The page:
On the other hand, when it comes to projects that I'm not used to doing at all - like writing stuff using some other language (Finnish in my case), there's more than a good chance that I'm going to run into real problems with my expectations.

For example, when I wrote a thousand word documentation for our team's project last week, I felt really uneasy during the process. I didn't feel comfortable almost at any point during this supposedly 'easy' writing task.

The reason for this feeling was that even though I did have tons of experience in writing articles, I had written all my articles in English. I didn't have a writing routine at all when it comes to using my mother tongue.

So not surprisingly, when I tried to write in Finnish after like a ten year break, I kept running into obstacles all the time. I ran into obstacles, because I didn't know that I would have to adjust and that the two languages weren't completely interchangeable.

Especially when it comes to certain phrases and transitions, I felt completely lost with the project. I had such big problems that I even had to spend more than twice as much time on the project than I usually do when I write in English.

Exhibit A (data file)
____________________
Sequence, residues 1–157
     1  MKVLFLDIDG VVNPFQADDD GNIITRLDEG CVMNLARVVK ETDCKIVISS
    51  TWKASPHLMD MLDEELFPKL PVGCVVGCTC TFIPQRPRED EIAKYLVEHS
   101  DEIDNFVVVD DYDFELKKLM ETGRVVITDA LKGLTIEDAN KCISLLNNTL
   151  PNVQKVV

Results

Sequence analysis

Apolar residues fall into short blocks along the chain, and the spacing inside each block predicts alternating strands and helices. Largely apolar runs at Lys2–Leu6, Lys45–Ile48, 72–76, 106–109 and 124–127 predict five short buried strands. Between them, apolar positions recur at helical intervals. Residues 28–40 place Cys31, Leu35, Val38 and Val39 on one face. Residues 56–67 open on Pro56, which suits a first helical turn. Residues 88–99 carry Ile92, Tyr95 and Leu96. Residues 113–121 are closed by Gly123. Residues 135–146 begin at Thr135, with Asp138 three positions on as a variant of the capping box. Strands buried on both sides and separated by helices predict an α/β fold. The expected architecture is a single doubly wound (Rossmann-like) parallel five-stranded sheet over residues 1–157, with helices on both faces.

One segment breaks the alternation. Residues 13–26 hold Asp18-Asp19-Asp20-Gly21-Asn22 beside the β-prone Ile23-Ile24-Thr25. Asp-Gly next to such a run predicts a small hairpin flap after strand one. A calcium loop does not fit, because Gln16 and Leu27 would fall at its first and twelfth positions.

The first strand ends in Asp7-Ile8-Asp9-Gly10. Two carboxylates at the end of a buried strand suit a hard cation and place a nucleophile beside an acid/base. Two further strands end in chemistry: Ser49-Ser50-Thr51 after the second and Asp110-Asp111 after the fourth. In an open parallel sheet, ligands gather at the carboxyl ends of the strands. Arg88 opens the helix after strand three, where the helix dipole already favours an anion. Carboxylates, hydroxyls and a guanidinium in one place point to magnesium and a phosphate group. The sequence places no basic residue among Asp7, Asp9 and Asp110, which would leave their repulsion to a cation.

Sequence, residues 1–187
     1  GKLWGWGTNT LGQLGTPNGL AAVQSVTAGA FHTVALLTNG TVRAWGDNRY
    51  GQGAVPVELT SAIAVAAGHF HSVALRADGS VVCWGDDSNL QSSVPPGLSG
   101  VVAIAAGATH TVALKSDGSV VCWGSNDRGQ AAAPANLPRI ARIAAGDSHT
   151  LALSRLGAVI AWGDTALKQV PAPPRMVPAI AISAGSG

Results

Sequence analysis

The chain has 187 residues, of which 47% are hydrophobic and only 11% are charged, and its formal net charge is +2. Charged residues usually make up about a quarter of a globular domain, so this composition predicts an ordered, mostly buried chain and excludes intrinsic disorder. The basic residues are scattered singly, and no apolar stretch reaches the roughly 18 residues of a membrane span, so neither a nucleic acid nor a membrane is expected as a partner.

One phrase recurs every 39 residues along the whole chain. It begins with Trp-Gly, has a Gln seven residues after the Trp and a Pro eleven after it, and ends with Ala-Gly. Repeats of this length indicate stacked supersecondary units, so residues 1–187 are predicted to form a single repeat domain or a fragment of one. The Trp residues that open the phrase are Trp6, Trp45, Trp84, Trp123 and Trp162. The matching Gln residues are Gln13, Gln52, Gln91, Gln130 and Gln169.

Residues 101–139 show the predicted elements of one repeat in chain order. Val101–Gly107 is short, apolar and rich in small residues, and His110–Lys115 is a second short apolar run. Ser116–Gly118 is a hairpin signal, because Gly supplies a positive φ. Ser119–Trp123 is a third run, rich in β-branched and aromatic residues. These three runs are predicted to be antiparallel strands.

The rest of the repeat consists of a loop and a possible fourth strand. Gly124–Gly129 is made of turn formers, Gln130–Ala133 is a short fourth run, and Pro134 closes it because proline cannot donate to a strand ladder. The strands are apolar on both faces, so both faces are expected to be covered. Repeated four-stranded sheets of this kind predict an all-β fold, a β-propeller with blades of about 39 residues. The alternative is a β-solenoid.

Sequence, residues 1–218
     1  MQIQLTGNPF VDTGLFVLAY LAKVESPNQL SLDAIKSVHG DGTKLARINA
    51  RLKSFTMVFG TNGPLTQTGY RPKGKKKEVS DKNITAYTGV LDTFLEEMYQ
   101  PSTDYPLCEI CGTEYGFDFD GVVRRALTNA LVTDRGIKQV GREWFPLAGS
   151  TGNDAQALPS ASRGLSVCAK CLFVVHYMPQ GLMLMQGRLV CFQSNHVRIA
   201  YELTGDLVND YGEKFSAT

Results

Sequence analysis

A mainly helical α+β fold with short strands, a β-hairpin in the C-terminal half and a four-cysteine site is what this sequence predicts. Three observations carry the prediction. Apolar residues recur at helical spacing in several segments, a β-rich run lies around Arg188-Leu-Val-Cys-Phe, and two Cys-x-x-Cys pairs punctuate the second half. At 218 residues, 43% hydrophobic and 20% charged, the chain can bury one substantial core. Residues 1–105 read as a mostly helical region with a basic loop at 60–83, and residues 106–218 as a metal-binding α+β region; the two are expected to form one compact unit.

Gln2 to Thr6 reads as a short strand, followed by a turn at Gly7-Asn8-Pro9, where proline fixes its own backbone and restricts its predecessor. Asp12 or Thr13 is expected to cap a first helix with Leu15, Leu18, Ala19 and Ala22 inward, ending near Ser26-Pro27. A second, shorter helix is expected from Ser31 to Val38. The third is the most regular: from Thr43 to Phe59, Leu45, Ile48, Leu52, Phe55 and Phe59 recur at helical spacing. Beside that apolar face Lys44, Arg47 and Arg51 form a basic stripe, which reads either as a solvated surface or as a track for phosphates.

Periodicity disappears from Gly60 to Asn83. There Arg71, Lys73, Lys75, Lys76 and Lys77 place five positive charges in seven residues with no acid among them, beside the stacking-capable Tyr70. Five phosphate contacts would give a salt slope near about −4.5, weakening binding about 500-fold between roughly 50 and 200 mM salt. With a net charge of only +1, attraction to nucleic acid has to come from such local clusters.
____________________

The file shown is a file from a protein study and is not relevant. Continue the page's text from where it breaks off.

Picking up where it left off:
In that sense, when it comes to managing your perfectionism as a whole, it's pretty obvious that the biggest issue with the trait isn't necessarily perfectionism itself. It isn't necessarily a bad thing to keep setting high standards for yourself.

After all, in most cases, as long as you can predict  and control your projects, your perfectionism won't be a problem. As long as you know where the usual pitfalls are going to be and how you fix them, you'll be more than happy to keep pushing.

On the other hand, when it comes to cases where you don't have a realistic idea how much work is going to be required, you'll run into trouble. In these cases, the perfectionist gets overwhelmed from not being able to predict how well things are going to go.

In that sense, as a perfectionist person, I probably shouldn't lower my own 'standards' that much when it comes to writing. I probably shouldn't be thinking that as long as I'll try less, things are going to be okay and that I'll feel better.

After all, even though trying less would be the easy way out, it wouldn't likely be the right thing to do. It wouldn't be right for me to think that the best way would be to slack instead of rethinking my expectations and my abilities.

In that sense, I just wish that I had been less arrogant with my task last week. I wish that I had been less arrogant about myself, because had I been more aware of myself and my challenges, I would have had a much easier task getting the project finished.